The Federal Bureau Of Investigation Fbi

1086 words - 4 pages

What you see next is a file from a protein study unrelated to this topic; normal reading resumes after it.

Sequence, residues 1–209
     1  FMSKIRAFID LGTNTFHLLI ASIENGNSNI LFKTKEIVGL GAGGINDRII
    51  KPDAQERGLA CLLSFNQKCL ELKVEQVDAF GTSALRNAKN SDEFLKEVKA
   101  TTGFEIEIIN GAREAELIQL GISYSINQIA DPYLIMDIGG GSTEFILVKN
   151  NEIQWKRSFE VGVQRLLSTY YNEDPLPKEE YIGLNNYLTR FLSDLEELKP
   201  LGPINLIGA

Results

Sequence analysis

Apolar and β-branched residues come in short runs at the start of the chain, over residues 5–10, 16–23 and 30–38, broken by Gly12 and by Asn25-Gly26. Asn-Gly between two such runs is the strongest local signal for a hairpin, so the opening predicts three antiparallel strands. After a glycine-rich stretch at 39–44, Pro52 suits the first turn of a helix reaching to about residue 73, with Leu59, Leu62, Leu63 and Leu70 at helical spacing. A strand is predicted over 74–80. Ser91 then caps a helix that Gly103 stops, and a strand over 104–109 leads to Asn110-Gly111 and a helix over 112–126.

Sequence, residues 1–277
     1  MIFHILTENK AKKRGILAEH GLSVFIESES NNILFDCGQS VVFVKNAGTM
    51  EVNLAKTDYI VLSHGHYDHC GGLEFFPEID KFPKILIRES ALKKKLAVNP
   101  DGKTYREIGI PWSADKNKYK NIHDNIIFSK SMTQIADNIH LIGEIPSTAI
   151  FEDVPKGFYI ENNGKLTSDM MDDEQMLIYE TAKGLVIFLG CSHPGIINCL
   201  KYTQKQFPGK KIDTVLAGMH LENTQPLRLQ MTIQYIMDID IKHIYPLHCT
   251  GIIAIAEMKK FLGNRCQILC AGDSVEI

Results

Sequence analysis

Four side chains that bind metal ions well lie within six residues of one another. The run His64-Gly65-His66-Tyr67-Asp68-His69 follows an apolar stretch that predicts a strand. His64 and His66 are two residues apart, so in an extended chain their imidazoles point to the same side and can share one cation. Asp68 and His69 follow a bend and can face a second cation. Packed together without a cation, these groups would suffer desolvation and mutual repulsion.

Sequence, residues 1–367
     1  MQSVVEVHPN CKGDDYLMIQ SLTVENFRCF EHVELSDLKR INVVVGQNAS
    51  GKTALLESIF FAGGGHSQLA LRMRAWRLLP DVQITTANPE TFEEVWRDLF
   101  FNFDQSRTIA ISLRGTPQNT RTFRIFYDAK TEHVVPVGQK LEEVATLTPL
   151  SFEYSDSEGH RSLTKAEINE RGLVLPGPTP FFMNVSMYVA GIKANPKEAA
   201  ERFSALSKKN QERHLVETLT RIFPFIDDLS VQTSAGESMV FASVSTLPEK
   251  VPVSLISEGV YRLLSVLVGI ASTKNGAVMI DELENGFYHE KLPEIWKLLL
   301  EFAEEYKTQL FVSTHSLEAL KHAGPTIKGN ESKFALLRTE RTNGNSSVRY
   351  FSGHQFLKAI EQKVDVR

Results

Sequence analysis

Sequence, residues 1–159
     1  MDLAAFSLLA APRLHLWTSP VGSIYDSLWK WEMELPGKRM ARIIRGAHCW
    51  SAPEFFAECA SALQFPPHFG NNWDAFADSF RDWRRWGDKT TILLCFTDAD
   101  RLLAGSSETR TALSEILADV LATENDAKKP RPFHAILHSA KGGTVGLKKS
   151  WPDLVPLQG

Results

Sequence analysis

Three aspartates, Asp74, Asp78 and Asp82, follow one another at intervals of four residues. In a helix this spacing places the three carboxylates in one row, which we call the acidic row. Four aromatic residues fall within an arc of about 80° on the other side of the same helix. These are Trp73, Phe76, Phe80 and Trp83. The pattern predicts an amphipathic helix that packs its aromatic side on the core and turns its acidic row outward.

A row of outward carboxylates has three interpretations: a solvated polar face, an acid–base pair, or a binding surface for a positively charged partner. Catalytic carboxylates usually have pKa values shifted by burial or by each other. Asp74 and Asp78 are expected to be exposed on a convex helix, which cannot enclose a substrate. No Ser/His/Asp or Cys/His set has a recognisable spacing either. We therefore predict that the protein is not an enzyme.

To uphold the law through the investigation of violations offederal criminal law; to protect the U.S. from foreign intelligenceand terrorist activities; to provide leadership and law enforcementassistance to federal, state, local, and international agencies; andto perform these responsibilities in a manner that is responsive tothe needs of the public and is faithful to the constitution of theU.S.: this is the mission of the Federal Bureau of Investigation.The agency now known as the Federal Bureau of Investigation wasfounded in 1908 when the Attorney General appointed an unnamed force ofSpecial Agents to be the investigative force of the Department of Justice(DOJ). Before that time, the DOJ had to borrow Agents from the U.S.Secret Service to investigate violations of federal criminal laws withinit's jurisdiction. In 1909, the Special Agent Force was renamed theBureau of Investigation, and after a series of name changes, it receivedit's present official name in 1935. During the early period of the FBI'shistory, it's agents investigated violations of mainly bankruptcy frauds,antitrust crime, and neutrality violation. During World War One, theBureau was given the responsibility of investigating espionage, sabotage,sedition (resistance against lawful authority), and draft violations.The passage of the National Motor Vehicle Theft Act in 1919 furtherbroadened the Bureau's jurisdiction.After the passage of Prohibition in 1920, the gangster era began, bringing about a whole new type of crime. Criminals engaged in kidnapping and bank robbery, which were not federal crimes at that time. This changed in 1932 with the passage of a federal kidnapping statute. In 1934, many other federal criminal statutes were passed, and Congress gave Special Agents the authority to make arrests and to carry firearms.The FBI's size and jurisdiction during the second World War increased greatly and included intelligence matters in South America. With the end of that war, and the arrival of the Atomic Age, the FBI began conducting background security investigations for the White House and other government agencies, as well as probes into internal security matters for the executive branch of the government.In the 1960's, civil rights and organized crime became major concerns of the FBI, and counterterrorism, drugs, financial crime, and violent crimes in the 1970's. These are still the major concerns of the FBI, only now it is to a greater extent..With all of this responsibility, it is logical to say that the FBI is a field-oriented organization. They have nine divisions and four offices at FBI Headquarters in Washington, D.C. These divisions and offices provide direction and support services to 56 field offices and approximately 10,100 Special Agents and 13,700 other employees. Each FBI field office is overseen by a Special Agent in Charge, except for those located in New York City and Washington, D.C. Due to their large size, those offices are each managed by an Assistant...

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